A lobectomy involves the removal of a complete lobe of the lung that contains cancerous cells. If the cancer is confined to a single lobe, doctors can remove it without sacrificing the function of healthy lobes. The left lung is divided into two lobes, while the right lung contains three.


When a tumor is centrally located or invades multiple lobes of the lungs, surgeons may perform a pneumonectomy, which involves removal of the entire diseased lung. For tumors of this size or location, less invasive procedures like lobectomy are not possible. Not all patients have adequate lung function to undergo pneumonectomy, but many can maintain an active lifestyle after the procedure.

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Risks and Complications

Although a thoracotomy is a serious operation, it is typically safe. Before the procedure, your doctor will explain all the potential complications of the procedure, which may include:

  • Bleeding
  • Infection
  • Injury to organs in the chest
  • Adverse reaction to anesthesia
  • Air or gas buildup in the chest
  • Persistent pain

Although a thoracotomy is a serious operation, it is typically safe. Before the procedure, your doctor will explain all the potential complications of the procedure, which may include:

  • Bleeding
  • Infection
  • Injury to organs in the chest
  • Adverse reaction to anesthesia
  • Air or gas buildup in the chest
  • Persistent pain

Some other factors may increase the risk of complications for patients, including:

  • Diabetes
  • Hypertension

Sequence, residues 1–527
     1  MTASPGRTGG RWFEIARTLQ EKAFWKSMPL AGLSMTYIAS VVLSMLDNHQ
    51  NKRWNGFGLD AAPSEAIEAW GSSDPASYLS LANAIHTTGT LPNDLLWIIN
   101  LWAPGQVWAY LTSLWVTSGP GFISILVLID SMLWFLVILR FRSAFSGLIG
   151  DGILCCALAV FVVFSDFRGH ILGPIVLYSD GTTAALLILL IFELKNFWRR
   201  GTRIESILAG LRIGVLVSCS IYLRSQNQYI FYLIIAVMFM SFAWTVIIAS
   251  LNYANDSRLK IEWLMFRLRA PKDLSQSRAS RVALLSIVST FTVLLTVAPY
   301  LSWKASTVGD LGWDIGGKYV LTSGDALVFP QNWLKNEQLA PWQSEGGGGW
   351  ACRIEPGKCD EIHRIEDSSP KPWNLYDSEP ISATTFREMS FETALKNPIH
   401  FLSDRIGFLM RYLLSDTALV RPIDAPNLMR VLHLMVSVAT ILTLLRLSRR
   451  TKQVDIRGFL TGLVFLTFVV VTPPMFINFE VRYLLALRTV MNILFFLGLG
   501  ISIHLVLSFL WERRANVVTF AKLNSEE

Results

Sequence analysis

• Kidney failure
  • Past stroke or heart attack
  • Other chronic medical conditions
  • History of heavy smoking
  • Major trauma affecting multiple body parts

Overview of the Procedure

Prior to surgery, your doctor will perform some tests to assess your overall health, which may include a physical exam, blood test or urine test. Your doctor will also need to perform tests to evaluate how well your heart and lungs function. One or more imaging scans will be required, such as a chest X-ray, CT scan or MRI.

You will meet with an anesthesiologist who will describe the medications you'll receive during the procedure. This doctor will answer any questions you have before administering general anesthesia.

At the start of the procedure, doctors position you on your side and elevate your arm. Next, the surgeon makes an incision, approximately 4 to 10 inches long, spanning from your upper back, under your arm, and to the side of your rib cage.

To access your lungs through the incision, the doctor must spread your muscles and ribs and open the chest wall. Once surgeons have access to your open chest, they can perform the appropriate procedure to treat your mesothelioma.